Chef Bruno turned and shouted across the kitchen to our helper, who immediately fessed up: she'd forgotten to soak the peas overnight and so had substituted canned peas instead.
I could see C trying very hard to go to her happy place - yet another fantasy land, only this one seemed to me much less accessible than Chef's and mine. Thinking quickly, Chef located some chickplea flour and dried out the mixture before frying. All was right in the world.
Well, except in C's world. She got out a deep pan. Here she was, making a clearly unhealthy dish in a Healthy Cooking class. Into the pan, she glugged a sickening amount of oil. She'd been forced to use the wrong ingredients which brought her negative attention from the Chef. She turned on the burner. I had told her this dish tastes bad anyway. As she turned to grab the falafel mixture, part of her apron caught on the handle of the frying pan.
Our station looked not unlike the current state of the Gulf of Mexico. Oil everywhere, on everything.
I was a distance away, retrieving a digital scale from Team 2, when I heard her cry out. I only had a moment to register the miserable look on her face before our entire range station burst into flames.
Immediately, Chef Bruno took over, grabbing buttermilk from the nearest counter and barking out for the helper girl to bring salt. Each took turns attempting to suffocate the foot-tall flames with their respective extinguishers. It took a few minutes, but eventually it worked.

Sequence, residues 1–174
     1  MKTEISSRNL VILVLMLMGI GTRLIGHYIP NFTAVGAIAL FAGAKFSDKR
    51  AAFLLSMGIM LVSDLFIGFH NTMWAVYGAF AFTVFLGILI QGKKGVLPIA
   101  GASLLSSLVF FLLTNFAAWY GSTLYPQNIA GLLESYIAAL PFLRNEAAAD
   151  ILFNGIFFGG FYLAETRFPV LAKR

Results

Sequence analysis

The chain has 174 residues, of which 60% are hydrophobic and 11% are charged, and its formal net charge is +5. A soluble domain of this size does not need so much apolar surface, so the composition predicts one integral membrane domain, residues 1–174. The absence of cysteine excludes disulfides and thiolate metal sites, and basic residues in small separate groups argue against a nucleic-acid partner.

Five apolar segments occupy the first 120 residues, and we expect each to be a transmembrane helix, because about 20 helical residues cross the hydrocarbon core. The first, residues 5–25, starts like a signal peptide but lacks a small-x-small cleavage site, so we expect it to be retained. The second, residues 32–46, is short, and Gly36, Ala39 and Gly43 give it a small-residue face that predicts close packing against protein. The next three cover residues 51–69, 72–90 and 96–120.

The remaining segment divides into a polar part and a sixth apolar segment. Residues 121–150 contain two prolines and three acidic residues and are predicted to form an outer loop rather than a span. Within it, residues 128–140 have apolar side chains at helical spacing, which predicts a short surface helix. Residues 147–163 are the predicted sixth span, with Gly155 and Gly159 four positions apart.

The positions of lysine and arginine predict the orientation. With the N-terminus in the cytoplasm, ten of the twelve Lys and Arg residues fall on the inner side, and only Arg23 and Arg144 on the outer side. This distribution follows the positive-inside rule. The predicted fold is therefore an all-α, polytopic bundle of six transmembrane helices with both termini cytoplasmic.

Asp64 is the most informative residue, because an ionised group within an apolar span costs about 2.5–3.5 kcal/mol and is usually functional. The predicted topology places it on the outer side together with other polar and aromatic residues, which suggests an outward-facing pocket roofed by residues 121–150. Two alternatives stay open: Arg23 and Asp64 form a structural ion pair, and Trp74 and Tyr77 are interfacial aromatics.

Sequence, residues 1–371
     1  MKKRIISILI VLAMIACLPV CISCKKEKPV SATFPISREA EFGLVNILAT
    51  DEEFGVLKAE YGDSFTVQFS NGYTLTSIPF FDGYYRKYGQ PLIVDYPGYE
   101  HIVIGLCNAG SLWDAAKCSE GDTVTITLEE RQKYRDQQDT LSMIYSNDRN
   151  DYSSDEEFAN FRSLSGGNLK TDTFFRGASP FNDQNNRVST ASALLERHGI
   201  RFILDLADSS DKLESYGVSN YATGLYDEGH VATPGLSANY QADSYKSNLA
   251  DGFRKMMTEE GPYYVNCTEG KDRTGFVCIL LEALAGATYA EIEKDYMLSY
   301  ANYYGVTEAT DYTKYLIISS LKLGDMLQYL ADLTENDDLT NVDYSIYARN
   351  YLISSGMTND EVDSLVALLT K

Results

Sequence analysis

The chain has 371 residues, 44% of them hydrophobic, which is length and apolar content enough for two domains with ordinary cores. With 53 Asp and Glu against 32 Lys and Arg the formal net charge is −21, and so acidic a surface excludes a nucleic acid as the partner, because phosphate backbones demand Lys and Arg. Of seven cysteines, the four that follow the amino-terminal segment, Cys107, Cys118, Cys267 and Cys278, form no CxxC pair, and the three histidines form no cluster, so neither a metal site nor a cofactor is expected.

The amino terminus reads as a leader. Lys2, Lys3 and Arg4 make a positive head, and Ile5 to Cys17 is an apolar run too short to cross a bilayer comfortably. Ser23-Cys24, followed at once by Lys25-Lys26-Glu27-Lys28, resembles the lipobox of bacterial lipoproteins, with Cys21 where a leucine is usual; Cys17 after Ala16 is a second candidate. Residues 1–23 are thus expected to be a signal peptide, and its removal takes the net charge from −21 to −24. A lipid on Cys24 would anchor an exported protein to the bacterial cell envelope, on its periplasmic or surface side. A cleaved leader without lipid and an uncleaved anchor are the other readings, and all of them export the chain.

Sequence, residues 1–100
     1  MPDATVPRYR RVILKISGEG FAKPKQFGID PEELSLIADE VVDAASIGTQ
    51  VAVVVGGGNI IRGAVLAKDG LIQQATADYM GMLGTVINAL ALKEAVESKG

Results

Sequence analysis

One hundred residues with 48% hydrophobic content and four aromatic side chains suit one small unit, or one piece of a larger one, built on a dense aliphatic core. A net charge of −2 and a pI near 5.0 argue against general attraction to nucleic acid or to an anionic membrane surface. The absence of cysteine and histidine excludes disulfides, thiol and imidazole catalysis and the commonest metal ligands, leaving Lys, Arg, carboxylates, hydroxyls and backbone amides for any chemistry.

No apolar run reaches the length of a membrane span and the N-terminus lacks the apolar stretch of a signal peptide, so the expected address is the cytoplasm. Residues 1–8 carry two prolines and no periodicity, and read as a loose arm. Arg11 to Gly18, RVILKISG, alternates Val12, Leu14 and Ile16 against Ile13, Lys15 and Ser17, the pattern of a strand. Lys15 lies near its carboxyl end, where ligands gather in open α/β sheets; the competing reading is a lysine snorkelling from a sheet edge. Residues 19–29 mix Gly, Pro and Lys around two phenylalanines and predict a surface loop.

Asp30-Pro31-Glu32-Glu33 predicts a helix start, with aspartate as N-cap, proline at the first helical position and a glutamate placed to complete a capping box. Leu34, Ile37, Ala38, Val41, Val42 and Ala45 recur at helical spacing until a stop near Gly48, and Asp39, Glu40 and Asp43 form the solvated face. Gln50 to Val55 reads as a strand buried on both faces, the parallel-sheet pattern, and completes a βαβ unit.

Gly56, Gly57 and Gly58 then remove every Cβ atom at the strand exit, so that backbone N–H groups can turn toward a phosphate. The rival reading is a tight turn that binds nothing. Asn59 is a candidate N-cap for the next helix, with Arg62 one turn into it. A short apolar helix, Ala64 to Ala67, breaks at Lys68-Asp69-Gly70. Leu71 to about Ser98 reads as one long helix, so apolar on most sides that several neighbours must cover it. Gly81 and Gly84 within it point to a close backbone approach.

I admire the great emotional discipline it took for C not to burst into tears. I went over and gave her a hug, trying to convince her that it added fun and adventure to our day. She was unconvinced, but soon turned back to her fateful falafel with a determination to finish it.
And she did a great job. Those students in our class who profess to like falafel exclaimed about how nice it was. Almost our whole tray of falafel pitas was eaten - which almost never happened with any dish. Chef Bruno took the opportunity at lunch to regale his table with tales of kitchen fires throughout his career.
C and I sat at the other table and watched the rain through a giant picture window, enjoying our brownies stolen from the baking students.
"Tomorrow," I said, "you'll find this funny," and I offered a hug.
"Maybe," she conceded. "Or I'll just pretend it never happened." Outside, a waddling groundhog emerged from some nearby bushes, and the clouds began to clear. In friendly silence, we split the last brownie and wondered what our last day of class would bring.